Azaleas with damaged leaves

We have planted four plants of two different varieties of evergreen azaleas this year, one of them "rosebud" and the other something whose name I forget that was a nice peach color. They are in an area that stays shaded by the house until 2 PM and only gets about 4 hours sunlight total. The soil they are in drains well, but we have had an extremely wet summer.
They were doing fine until the past month when the leaves of both varieties got little brown spots all over them just like those of the maples and other trees around our property which has been attributed to the very high rainfall. A small portion of the azaleas' leaves are yellowing, but all of them look pretty ratty with brown spots and holes all over them. I don't see any sign of insects except for occasional spiderwebs.
My question is, since these are evergreen varieties, will the leaves stay crappy looking, or will the plant eventually grow new leaves in the spring to replace the damaged ones and look okay? I don't want to go spraying poisons on these plants. I am thinking that if they can't survive unaided where I have put them, I will replace them with something tougher like the yews which are flourishing beside them, as are my annuals.
-- Jenny (Zone 5 W. Mass on a slightly colder hillside)
Add pictures here
<% if( /^image/.test(type) ){ %>
<% } %>
<%-name%>
Add image file
Upload

An evergreen azalea keeps its leaves about 2 or 3 years. It will grow new leaves next spring and will shed the oldest leaves sometime during the year.
--
Pardon my spam deterrent; send email to snipped-for-privacy@earthlink.net
Visit my Rhododendron and Azalea web pages at:
  Click to see the full signature.
Add pictures here
<% if( /^image/.test(type) ){ %>
<% } %>
<%-name%>
Add image file
Upload
The yellowing leaves are 'Guard Leaves', they are usually 2-3 years old and will be shed over the winter or early spring. Incidentally, when the leaves turn yellow, the blossoms are white, and when the leaves turn reddish, the blossoms are red, pink, or lavender.
Check on the undersides of the leaves for evidence of insect poop (little black dots).
Dave

Add pictures here
<% if( /^image/.test(type) ){ %>
<% } %>
<%-name%>
Add image file
Upload
Thanks all. Another query successfully addressed. As we head into our first frost tonight I found myself having to stop and reflect on how much I have learned from this board.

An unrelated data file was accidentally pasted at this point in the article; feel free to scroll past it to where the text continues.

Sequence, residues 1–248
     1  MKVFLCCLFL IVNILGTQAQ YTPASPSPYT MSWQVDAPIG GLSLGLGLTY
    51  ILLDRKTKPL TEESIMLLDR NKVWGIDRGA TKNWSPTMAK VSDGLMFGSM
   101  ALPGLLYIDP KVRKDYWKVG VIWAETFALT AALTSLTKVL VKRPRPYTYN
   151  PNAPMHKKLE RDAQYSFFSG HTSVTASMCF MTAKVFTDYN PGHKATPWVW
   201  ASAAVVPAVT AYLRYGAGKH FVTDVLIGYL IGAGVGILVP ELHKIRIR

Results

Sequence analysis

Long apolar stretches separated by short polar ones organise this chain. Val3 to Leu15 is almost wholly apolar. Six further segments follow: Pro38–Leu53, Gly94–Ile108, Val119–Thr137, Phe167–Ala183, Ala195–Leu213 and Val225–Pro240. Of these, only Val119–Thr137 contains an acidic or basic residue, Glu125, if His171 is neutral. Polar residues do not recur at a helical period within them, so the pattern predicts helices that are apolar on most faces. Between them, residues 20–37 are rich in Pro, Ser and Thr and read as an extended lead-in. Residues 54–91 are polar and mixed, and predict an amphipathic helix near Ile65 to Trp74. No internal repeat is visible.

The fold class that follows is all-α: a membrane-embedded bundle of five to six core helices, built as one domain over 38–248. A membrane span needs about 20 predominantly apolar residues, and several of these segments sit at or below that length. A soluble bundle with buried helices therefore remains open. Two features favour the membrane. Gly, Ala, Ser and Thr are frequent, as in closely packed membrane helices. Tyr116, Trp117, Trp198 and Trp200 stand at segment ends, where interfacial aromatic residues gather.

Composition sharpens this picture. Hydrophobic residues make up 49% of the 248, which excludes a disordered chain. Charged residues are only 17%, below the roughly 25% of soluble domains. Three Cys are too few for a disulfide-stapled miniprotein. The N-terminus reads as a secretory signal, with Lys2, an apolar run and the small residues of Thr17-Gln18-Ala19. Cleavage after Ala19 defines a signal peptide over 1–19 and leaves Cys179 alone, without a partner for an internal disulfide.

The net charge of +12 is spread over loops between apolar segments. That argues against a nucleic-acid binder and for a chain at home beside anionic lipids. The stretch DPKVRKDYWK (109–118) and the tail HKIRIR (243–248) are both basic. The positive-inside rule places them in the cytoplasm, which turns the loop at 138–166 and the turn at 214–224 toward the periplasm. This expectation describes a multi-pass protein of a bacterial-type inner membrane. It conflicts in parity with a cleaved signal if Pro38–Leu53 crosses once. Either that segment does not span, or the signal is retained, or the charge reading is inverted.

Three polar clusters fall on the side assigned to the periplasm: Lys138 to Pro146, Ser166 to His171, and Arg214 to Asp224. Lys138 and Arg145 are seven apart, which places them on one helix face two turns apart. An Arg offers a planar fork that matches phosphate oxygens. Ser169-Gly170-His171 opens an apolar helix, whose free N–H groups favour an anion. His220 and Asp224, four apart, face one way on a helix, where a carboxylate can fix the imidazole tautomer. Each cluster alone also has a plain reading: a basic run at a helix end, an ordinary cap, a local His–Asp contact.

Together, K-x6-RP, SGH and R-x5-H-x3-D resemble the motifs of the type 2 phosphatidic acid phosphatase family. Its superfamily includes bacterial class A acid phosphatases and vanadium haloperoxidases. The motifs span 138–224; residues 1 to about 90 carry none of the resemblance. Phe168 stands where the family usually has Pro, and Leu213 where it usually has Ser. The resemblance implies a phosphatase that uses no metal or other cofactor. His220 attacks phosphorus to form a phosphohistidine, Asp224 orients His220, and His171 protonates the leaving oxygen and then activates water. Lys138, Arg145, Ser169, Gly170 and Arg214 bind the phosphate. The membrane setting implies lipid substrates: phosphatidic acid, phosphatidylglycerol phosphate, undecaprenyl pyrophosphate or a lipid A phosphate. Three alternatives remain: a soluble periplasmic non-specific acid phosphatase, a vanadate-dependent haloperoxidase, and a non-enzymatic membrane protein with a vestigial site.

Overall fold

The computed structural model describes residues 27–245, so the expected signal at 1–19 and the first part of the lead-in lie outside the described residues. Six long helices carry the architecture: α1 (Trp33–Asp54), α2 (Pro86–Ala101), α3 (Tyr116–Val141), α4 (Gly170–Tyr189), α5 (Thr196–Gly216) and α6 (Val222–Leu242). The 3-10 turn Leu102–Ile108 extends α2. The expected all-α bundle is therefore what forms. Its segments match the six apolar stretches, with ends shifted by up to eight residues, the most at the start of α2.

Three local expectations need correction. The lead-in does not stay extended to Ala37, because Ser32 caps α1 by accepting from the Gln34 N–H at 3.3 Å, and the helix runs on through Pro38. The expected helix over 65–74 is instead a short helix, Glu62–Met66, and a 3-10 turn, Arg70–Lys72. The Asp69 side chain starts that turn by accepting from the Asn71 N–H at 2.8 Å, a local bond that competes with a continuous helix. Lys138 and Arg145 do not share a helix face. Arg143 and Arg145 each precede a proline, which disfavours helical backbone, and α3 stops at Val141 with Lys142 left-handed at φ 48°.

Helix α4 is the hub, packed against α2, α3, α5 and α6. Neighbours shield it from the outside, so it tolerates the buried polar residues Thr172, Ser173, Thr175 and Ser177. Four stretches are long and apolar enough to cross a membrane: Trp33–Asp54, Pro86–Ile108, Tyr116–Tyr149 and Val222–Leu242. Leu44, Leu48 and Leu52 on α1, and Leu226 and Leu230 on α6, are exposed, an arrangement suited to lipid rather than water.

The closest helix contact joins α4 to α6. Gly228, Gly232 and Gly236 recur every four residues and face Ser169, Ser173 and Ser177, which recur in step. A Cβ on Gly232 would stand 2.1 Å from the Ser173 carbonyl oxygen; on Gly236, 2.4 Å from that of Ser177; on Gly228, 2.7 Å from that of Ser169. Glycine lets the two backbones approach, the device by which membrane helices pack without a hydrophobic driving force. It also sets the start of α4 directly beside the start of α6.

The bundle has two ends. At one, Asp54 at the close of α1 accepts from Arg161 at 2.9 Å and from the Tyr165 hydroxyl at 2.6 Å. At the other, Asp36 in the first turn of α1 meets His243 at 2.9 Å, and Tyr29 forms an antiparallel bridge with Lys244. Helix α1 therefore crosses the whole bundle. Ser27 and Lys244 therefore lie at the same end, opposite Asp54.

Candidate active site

This was my first year in a new house. I started the year with a field of crabgrass and now have a gorgeous, natural lawn that has elicited a few words of admiration from my close-mouthed Yankee neighbors. I have taken a lot of advice about how to enrich my garden soil and expect great things next year from my fledgling flower garden.
The last time I owned a house, years ago, the only gardening advice I could find came from those maddeningly vague lawn and garden books and from people who wanted to sell me chemical services. I never really figured out what I was doing. But you guys are great and have answered just about every question I have had. The results speak for themselves!
THANKS!!!!!
-- Jenny
Add pictures here
<% if( /^image/.test(type) ){ %>
<% } %>
<%-name%>
Add image file
Upload

Sounds like one of the leaf spot funguses (anthracnose, maybe a few others), and wet weather encourages it, but it will respond to fungicides. If you do nothing, it will recur and may defoliate and eventually kill your azalea.
Good garden hygiene will help you avoid or minimize the need for fungicides: this means, for example, presuming that all the litter around the plants showing symptoms is infected and clearing it out.
--
Chris Green

Add pictures here
<% if( /^image/.test(type) ){ %>
<% } %>
<%-name%>
Add image file
Upload

HomeOwnersHub.com is a website for homeowners and building and maintenance pros. It is not affiliated with any of the manufacturers or service providers discussed here. All logos and trade names are the property of their respective owners.